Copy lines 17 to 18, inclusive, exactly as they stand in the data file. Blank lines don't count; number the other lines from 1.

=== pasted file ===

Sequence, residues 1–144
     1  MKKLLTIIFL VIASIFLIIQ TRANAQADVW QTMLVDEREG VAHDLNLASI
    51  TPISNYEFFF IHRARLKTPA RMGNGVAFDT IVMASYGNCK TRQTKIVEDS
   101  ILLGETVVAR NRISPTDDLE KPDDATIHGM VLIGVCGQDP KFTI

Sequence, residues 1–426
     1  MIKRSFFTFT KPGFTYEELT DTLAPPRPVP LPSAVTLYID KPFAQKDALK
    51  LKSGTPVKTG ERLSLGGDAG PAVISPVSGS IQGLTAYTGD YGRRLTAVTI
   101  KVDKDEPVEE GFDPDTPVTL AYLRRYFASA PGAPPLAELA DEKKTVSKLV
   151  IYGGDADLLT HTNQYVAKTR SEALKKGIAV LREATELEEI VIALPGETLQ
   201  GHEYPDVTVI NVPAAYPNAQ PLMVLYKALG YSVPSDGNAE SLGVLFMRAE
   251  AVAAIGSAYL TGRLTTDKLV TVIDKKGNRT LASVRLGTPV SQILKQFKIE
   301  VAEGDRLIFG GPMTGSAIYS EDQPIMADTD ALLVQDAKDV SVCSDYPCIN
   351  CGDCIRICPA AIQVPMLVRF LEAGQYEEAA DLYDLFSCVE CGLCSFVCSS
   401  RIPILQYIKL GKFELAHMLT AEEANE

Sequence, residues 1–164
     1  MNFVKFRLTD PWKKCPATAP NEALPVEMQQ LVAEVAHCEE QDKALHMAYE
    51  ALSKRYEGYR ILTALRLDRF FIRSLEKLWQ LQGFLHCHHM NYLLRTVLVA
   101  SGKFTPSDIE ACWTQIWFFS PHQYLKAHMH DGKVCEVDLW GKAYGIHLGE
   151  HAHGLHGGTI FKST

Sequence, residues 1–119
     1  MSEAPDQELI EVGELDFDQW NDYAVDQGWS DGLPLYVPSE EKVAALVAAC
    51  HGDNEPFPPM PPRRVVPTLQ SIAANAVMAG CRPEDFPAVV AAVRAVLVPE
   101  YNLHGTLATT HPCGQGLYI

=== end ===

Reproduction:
    51  ALSKRYEGYR ILTALRLDRF FIRSLEKLWQ LQGFLHCHHM NYLLRTVLVA
   101  SGKFTPSDIE ACWTQIWFFS PHQYLKAHMH DGKVCEVDLW GKAYGIHLGE